Broadband, education boost announced by Kelly administrationScott Rothschild
Gov. Laura Kelly on Thursday announced efforts to increase high speed internet access across Kansas, saying it was needed to improve education, economic development and health care.
“Achieving universal broadband coverage will make communities more competitive economically, make them healthier and improve education access,” Kelly said.
Kelly issued an executive order establishing the Office of Broadband Development and announced 67 projects worth $49.3 million to make internet more available and affordable. These projects, funded through federal CARES Act dollars related to COVID-19 relief, had earlier been approved by the State Finance Council, which includes Kelly and legislative leaders.
The need to expand broadband internet service and make it more affordable has been a top priority of boards of education statewide. KASB has sought on the state and federal level funding to close what has been called the digital divide and homework gap.
“Students without broadband are at a disadvantage with their peers who have a reliable connection at home and can complete school online,” Kelly said.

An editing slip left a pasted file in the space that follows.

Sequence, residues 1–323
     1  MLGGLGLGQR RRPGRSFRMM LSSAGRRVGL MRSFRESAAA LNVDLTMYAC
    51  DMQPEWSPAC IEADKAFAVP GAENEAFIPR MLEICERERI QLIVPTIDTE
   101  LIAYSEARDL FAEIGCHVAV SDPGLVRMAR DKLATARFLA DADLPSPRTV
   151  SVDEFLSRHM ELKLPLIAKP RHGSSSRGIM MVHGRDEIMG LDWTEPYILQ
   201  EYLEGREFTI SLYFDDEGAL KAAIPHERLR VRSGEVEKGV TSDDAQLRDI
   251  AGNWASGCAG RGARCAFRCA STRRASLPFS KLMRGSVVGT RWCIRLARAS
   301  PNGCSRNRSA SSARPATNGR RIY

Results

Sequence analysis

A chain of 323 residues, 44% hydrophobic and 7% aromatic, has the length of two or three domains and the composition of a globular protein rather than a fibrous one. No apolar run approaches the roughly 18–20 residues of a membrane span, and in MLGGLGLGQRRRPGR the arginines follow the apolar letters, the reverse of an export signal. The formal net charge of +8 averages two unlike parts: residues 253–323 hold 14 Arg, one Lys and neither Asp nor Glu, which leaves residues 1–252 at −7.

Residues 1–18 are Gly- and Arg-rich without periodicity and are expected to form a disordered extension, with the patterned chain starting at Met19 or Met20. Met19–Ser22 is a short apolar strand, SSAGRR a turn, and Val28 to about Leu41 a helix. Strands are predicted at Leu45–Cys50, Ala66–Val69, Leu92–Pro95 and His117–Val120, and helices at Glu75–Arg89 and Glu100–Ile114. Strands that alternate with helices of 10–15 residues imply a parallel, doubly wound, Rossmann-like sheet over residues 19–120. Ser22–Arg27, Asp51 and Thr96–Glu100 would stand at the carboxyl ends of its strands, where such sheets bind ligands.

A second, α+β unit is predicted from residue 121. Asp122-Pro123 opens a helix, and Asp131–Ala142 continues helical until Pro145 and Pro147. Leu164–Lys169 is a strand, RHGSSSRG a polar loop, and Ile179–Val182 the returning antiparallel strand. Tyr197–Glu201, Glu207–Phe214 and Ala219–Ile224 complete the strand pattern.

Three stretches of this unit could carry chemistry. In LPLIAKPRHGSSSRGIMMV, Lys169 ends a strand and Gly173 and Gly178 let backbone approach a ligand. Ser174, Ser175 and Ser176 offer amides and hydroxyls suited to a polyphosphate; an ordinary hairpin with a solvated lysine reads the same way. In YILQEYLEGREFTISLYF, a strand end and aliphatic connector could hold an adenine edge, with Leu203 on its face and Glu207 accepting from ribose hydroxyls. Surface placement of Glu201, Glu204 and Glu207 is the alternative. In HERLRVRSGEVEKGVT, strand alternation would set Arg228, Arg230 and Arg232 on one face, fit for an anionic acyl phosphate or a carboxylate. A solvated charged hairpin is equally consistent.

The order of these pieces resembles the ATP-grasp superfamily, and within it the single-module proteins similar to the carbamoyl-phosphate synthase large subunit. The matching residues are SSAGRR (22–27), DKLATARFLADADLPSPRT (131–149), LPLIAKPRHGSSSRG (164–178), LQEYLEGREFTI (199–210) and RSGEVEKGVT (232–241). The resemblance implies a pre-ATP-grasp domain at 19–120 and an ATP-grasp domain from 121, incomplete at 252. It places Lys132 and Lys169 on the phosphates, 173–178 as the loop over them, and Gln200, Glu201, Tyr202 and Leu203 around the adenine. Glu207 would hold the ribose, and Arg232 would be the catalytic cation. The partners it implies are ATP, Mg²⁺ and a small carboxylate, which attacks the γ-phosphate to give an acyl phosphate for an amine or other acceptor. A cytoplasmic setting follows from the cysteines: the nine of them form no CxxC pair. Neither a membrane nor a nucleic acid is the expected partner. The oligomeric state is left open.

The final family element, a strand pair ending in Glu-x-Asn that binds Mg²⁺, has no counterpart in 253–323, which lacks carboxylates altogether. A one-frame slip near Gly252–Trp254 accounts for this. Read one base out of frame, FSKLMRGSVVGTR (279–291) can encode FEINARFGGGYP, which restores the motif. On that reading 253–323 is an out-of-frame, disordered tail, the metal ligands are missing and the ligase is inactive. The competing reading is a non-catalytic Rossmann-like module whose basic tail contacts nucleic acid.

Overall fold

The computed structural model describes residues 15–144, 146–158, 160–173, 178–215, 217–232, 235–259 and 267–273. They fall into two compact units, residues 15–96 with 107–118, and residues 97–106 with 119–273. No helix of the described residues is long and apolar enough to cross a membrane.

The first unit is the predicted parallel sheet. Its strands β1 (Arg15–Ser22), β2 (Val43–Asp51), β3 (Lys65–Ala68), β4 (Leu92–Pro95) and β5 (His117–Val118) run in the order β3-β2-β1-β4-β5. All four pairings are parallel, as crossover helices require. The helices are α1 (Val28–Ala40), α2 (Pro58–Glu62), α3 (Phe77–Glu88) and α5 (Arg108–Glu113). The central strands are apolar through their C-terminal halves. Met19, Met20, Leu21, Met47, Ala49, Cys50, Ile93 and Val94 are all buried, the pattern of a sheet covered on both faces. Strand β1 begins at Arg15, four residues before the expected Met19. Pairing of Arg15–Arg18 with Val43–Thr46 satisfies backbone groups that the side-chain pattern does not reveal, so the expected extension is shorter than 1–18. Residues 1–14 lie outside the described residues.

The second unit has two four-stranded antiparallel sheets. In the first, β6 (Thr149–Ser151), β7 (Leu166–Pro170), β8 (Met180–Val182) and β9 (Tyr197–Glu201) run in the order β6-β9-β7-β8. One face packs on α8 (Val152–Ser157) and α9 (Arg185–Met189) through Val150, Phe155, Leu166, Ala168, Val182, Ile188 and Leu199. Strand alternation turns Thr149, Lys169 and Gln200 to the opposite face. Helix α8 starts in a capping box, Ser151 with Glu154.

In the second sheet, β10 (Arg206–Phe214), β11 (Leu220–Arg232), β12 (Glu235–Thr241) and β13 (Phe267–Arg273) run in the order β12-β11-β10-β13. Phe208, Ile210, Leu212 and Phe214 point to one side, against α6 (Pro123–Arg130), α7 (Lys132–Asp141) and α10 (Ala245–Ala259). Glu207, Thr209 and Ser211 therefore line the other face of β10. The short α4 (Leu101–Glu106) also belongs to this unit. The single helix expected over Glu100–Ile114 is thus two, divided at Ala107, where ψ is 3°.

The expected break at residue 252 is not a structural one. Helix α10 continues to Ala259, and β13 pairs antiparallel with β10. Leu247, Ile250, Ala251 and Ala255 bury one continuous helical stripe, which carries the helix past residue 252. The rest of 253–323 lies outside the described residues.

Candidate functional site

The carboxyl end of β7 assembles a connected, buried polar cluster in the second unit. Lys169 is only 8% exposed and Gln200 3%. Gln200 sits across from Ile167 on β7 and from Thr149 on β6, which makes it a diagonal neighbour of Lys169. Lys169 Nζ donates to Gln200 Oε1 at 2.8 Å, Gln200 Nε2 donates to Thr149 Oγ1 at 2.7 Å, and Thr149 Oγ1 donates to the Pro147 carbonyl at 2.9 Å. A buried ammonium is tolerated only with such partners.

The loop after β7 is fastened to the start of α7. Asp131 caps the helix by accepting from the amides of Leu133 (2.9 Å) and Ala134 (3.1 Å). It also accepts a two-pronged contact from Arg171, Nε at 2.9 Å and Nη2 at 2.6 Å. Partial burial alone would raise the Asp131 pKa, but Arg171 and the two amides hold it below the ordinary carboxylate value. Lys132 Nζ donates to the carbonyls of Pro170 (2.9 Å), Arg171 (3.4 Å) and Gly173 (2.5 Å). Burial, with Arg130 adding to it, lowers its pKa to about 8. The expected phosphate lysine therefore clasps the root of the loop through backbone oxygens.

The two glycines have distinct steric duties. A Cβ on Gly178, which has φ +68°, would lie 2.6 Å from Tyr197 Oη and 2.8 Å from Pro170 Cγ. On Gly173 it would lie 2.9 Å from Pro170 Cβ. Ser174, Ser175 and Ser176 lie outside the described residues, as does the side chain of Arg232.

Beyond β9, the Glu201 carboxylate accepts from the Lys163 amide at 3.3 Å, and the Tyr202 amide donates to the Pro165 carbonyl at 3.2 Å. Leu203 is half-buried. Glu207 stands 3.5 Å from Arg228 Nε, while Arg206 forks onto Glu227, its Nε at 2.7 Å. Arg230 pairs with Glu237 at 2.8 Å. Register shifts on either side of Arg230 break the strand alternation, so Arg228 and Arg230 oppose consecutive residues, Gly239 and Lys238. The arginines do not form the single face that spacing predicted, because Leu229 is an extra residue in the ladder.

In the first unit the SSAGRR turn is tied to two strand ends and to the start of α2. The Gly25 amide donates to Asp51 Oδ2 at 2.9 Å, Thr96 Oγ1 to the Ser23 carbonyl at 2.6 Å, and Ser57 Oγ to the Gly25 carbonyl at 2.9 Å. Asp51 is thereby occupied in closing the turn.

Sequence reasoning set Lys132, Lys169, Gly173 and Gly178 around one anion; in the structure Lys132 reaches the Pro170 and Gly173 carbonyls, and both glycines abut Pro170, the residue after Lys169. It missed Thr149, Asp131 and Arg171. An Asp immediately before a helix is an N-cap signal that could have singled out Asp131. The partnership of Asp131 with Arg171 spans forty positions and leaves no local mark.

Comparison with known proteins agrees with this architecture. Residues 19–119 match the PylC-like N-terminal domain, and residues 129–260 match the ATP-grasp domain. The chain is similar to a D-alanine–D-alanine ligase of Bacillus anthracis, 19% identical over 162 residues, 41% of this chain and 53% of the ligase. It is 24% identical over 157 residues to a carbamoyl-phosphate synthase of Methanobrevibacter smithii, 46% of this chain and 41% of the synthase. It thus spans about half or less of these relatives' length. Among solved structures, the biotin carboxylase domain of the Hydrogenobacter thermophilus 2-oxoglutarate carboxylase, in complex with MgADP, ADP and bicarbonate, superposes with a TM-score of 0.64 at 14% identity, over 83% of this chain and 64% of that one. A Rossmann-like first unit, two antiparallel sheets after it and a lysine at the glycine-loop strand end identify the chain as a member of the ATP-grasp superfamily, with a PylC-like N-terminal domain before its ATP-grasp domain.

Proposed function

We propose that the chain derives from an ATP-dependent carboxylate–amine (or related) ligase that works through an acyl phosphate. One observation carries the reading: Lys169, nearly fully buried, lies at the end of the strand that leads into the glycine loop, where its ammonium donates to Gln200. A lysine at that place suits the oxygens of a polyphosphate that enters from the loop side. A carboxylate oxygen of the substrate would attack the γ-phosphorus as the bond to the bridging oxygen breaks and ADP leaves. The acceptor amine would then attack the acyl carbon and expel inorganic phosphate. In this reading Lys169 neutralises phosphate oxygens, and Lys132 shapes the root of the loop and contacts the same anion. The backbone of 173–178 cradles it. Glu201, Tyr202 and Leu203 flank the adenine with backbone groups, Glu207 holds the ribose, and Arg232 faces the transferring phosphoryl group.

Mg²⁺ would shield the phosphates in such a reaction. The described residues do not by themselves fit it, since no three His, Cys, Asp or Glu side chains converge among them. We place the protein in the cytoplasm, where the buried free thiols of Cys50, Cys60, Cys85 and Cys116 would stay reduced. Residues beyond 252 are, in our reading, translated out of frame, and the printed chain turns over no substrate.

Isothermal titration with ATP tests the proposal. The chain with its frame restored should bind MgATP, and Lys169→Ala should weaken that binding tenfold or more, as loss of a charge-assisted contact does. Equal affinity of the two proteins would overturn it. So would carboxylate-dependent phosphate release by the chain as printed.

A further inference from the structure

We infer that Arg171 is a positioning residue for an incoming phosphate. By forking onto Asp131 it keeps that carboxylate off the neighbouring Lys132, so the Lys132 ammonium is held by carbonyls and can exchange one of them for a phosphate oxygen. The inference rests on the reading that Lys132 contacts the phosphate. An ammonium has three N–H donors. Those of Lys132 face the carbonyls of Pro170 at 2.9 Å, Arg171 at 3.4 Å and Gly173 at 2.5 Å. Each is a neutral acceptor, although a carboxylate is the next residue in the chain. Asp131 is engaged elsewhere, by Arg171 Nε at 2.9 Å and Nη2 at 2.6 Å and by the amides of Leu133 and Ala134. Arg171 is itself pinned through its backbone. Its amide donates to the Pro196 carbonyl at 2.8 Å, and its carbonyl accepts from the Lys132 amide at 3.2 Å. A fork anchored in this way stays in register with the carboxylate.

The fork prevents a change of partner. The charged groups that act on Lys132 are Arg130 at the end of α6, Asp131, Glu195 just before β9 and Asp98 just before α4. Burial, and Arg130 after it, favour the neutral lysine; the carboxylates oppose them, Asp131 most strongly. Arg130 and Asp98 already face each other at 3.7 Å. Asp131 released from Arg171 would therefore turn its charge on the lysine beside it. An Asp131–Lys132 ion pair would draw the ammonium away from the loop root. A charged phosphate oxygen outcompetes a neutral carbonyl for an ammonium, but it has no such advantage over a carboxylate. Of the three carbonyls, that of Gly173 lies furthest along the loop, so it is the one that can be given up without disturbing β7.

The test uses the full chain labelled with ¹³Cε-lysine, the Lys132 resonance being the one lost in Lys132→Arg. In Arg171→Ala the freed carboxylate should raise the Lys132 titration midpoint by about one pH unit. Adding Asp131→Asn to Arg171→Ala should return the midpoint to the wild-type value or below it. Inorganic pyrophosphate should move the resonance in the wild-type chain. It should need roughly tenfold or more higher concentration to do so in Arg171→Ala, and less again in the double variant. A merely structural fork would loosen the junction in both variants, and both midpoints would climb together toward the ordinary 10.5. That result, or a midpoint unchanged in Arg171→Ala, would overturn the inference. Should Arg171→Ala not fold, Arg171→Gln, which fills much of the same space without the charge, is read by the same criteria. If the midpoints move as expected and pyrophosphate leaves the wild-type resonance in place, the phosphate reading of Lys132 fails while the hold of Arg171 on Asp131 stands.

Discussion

Estimates have found that more than 156,000 Kansas students — about one third of those enrolled in K-12 schools — lack adequate access to broadband internet service.
Kelly and other top officials in her administration said the effort was needed to modernize Kansas, especially during the pandemic when broadband can make education, employment and health care more equitable.
The projects that will provide connections for 76,735 households, 5,996 businesses, and 636 anchor institutions, which include libraries, schools, and health departments, officials said.
Here is a list of the projects. One of the education-related projects will provide services in Burrton, Brookville, Lindsborg, Larned, Great Bend, Hoisington, Newton, Solomon, Gypsum, Bennington and Winfield. The project includes one-year vouchers for students most in need to make sure they have internet service and equipment to do remote learning, “We are closing up that loop to make sure that children truly have access to education,” said Kansas Department of Transportation Secretary Julie Lorenz, whose agency is helping with the effort.